Hazel Miles (Woolston) (1967)

"Thank you for letting us know of the Harold's demise and for representing us and our generation and year at his funeral. We remember him well from the combined undergraduate time we spent at Keele (1950-1955), although we had no contact with him after our return from distant lands in 1967; to us as undergraduates he was unique and quietly invaluable in those difficult early days; he will stay with us and our memories, to be sure."

Ed Derbyshire (1954) and Maryon Derbyshire (Lloyd) (1955)

"I also was deeply fond of Harold, Margaret, and the family. I knew them from Keele Parish Church as well, where I used to sing in the choir, and sometimes served for the old priest. I always stop by Margaret's grave when I go to visit Donald and Dorothy Nicholl's grave. I am so glad you will be representing me and so many other people at Harold's funeral"

Daniel Joseph (1971)

"Well done, Malcolm, for sharing this sad news and for representing past students. i remember Harold and Margaret well - and as you say, they were kindness itself."

David Shufflebotham (1963)

"I remember Harold and Margaret well. Thank you to you and Lesley for being there for all of us at his funeral."

Tessa Harding (Phillips) (1966)

"My parents were living in the USA for most of my time at Keele Margaret and Harold had an ever open door for me and I remember them both with great fondness"

Sue Gil (Devons) (1963)

"I too remember Margaret and Harold well. They were kindness itself, even to the extent of looking after and indeed putting up my mother the night of the ball. My mother never forgot that, nor did I."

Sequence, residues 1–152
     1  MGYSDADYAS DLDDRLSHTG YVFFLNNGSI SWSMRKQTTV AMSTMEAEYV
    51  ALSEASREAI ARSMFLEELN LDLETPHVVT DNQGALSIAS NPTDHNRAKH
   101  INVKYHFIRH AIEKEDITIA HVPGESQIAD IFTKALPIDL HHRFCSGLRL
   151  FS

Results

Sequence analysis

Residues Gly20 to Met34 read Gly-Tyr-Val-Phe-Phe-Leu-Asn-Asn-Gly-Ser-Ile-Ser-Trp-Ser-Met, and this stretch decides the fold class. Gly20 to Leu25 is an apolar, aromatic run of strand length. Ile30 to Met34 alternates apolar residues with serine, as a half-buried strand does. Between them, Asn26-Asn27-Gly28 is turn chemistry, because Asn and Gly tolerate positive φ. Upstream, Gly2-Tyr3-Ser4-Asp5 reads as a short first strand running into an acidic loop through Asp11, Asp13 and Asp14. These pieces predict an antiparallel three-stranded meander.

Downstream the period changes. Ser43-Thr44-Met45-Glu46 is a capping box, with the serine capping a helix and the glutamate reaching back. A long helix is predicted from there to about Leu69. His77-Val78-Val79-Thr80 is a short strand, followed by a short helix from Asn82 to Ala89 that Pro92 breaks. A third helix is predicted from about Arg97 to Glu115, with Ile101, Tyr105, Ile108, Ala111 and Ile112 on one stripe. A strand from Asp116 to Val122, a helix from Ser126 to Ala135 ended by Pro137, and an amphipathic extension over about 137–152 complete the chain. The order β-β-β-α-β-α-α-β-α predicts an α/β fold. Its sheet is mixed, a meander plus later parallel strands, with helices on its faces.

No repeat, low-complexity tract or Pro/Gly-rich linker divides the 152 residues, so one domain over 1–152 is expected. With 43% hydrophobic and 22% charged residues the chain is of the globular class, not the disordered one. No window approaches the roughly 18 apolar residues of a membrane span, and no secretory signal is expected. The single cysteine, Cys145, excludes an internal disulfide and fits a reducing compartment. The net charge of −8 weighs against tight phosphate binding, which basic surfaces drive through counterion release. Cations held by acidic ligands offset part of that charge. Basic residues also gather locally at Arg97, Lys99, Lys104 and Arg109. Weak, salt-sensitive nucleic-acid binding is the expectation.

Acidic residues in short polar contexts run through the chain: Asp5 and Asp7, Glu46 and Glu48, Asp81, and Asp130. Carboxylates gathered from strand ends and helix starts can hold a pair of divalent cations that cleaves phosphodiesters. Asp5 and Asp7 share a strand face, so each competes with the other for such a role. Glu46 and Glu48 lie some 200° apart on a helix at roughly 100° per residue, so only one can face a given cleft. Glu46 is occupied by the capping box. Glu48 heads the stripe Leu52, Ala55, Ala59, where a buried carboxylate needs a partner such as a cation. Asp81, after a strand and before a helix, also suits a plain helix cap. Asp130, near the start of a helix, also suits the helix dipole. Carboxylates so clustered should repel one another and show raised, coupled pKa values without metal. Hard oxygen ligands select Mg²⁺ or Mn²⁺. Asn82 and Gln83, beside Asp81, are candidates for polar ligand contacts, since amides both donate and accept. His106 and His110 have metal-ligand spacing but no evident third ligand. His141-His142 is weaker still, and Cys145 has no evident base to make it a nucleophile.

Lily M Segerman-Peck (1965)

"There were so many acts of kindness by Harold and Margaret. I can remember Margaret buying a pair of wellies for me when I was caught out by the sudden onset of my first Keele winter. On the night before the Graduation in 1969 Harold and Margaret welcomed my Mother and myself into their home to stay. Later on, a colleague in Devon remembered someone I clearly identified as Harold guiding him to his accommodation on a dark night when he was attending a conference. Harold was so proud of Keele. They were a wonderful couple."

Margaret Peat (1969)

"Miss Rolfe was one of the earliest Domestic Bursars at Keele. She came in for a lot of criticism about the standard of the food provided and was supposed to have said "I am doing my best ' which became a call Miss Rolfe is doing her best". To be fair, it must have been a very difficult time, rationing was hardly over and there was very little variation in the food. In 1955/6 the complaints grew louder, the Students Union was involved, and John Hodgkinson, the Registrar, took time to set up the Refectory Liaison Committee. It included Miss Rolfe, and the Vice-President of the SU. It was a lesson to sit on this committee and see how peace and harmony could be effected by the gentle but clever drawing out of people, watching J F N H chair a meeting was a joy, the craft of getting agreement between warring groups and leaving all feeling that they had been heard was well demonstrated. A comments and suggestions box appeared."